Mani Shankar Aiyar slams ex-PM P V Narasimha Rao, calls him 'first BJP PM'

03:11 PM Aug 24, 2023 | PTI |

Congress leader and former Union minister Mani Shankar Aiyar on Wednesday alleged that former prime minister P V Narasimha Rao was ‘communal’ and described him as the ‘the first BJP PM’ of the country.


The former diplomat, whose autobiography ‘Memoirs of a Maverick — The First Fifty Years (1941-1991)’ hit the stands on Monday, also batted for resumption of dialogue with Pakistan, saying that when it comes to that country, ‘we have the courage to carry out surgical strikes against them but we don’t have the guts to sit across the table and talk to a Pakistani’.

The book, published by Juggernaut Books, traces Aiyar’s journey from Welham preparatory school to Doon school and then on to St Stephen’s College and Cambridge University, and from being a top diplomat handling sensitive assignments to then prime minister Rajiv Gandhi’s key aide who was dubbed his ‘Mani Friday’. Aiyar was part of Rajiv Gandhi’s PMO from 1985-1989.

In a free-wheeling conversation with senior journalist Vir Sanghvi at the formal launch of his book here, Aiyar talked about a host of issues — from his relationship with former prime minister Rajiv Gandhi to his stint as consul general in Karachi from December 1978 to January 1982.

Congress parliamentary party chief and Rajiv Gandhi’s wife Sonia Gandhi was present among the audience.


During the question and answer session when asked about his criticism of Rajiv Gandhi in handling the Babri Masjid issue, Aiyar said, ‘It shows that I am even-handed. I think the Shilanyas was wrong.’

‘I think the biggest mistake that Rajiv Gandhi made was to bring in awful R K Dhawan into the PMO which immediately politicised an office that was otherwise, for the previous four years, a purely technical office and was giving the right advice without getting into politics,’ the 82-year-old leader said.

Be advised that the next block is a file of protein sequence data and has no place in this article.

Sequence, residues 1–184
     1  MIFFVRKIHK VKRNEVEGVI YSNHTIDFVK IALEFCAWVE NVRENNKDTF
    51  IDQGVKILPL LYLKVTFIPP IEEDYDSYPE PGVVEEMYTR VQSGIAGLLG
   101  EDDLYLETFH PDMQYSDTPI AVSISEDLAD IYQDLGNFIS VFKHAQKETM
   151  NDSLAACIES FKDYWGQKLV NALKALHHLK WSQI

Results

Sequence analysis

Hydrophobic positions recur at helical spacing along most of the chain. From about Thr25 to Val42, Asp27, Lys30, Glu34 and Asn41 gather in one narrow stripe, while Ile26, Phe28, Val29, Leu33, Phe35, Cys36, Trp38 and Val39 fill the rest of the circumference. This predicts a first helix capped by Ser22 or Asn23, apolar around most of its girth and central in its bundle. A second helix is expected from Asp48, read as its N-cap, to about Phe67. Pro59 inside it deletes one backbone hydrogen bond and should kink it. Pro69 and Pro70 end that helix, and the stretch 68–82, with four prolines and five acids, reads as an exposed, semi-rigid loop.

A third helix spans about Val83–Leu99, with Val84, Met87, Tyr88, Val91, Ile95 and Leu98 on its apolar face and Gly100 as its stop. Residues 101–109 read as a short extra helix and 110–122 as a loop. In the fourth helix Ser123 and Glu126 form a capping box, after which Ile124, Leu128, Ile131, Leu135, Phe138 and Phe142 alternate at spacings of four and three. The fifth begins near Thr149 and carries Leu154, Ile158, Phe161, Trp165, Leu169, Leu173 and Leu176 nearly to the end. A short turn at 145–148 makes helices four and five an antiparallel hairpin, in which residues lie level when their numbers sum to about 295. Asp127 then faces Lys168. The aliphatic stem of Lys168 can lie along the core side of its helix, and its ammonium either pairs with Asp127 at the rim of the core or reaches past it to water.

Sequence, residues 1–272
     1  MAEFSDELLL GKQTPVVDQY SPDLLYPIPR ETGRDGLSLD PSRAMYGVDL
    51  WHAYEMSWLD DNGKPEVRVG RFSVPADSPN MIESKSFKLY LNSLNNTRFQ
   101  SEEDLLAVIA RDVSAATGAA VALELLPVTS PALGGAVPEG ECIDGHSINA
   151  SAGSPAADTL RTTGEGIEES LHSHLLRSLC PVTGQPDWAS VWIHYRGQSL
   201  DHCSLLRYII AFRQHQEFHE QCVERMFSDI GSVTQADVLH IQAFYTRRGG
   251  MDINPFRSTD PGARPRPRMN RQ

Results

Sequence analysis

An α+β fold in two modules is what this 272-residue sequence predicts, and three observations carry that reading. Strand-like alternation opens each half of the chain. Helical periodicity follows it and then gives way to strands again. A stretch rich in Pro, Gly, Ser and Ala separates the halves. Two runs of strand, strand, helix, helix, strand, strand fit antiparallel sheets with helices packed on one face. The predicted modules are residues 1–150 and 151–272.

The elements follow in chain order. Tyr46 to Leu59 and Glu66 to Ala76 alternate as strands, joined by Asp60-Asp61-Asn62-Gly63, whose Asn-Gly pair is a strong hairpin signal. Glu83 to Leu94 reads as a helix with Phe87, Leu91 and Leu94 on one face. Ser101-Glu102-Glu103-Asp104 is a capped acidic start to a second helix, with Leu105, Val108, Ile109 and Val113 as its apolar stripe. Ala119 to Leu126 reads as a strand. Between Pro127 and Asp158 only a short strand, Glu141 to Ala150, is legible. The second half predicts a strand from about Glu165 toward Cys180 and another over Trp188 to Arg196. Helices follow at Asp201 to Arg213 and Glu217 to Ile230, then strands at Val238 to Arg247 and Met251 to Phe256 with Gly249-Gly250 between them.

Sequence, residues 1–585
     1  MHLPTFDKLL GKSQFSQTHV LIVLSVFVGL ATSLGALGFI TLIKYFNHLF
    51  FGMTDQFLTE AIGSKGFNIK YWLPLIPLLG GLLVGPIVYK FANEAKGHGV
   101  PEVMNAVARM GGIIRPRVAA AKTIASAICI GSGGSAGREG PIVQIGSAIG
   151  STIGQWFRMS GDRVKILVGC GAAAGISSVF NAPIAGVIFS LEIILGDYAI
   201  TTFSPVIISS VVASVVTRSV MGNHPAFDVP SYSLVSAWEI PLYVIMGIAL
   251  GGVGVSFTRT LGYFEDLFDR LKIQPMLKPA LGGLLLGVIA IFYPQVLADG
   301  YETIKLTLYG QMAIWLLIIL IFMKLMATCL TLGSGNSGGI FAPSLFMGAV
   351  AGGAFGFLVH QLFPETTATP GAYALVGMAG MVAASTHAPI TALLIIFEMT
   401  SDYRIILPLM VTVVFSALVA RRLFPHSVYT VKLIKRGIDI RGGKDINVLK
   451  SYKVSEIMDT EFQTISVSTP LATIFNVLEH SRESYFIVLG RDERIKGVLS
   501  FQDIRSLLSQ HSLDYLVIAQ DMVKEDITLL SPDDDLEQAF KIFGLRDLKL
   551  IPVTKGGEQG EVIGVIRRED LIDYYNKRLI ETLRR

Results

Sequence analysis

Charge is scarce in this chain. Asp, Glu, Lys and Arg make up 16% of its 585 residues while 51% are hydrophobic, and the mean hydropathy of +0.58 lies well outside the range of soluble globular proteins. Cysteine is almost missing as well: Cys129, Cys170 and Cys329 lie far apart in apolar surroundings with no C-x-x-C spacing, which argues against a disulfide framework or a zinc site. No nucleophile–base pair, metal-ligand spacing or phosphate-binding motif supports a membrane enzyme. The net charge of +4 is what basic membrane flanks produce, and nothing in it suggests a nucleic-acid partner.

In his remarks at the book launch, Aiyar said he discovered ‘how communal and how Hindu-oriented’ P V Narasimha Rao was.

Aiyar went on to narrate a conversation he had with Rao at a time when he was carrying out ‘Ram-Rahim’ yatra.

‘Narasimha Rao told me that he had no objection to my yatra, but he disagreed with my definition of secularism. I said what is wrong with my definition of secularism. He said Mani you don’t seem to understand that this is a Hindu country. I sat up in my chair and said that is exactly what the BJP says,’ Aiyar recounted.

The first BJP prime minister was not Atal Bihari Vajpayee, the ‘first BJP PM’ was Rao, he said.

Rao led a Congress government and served as the ninth prime minister of India from 1991 to 1996.

The diplomat-turned-politician also recounted that when it was suddenly announced that Rajiv Gandhi was going to be prime minister he wondered how a man who was an Indian airlines pilot was going to run the country.

‘It was only after I saw how he run this country, I came to admire him,’ he said.

Aiyar said he would be dealing with the controversies that surrounded Rajiv Gandhi such as the Bofors and the Shah Bano cases in the subsequent volumes.

‘My problem was that I was no confidant of Rajiv Gandhi. In fact, I think he thought that I was politically naive. He never consulted me and never took my advice on anything political,’ Aiyar told the audience that was packed with several Congress leaders and former Indian Foreign Service and Indian Administrative Service officers.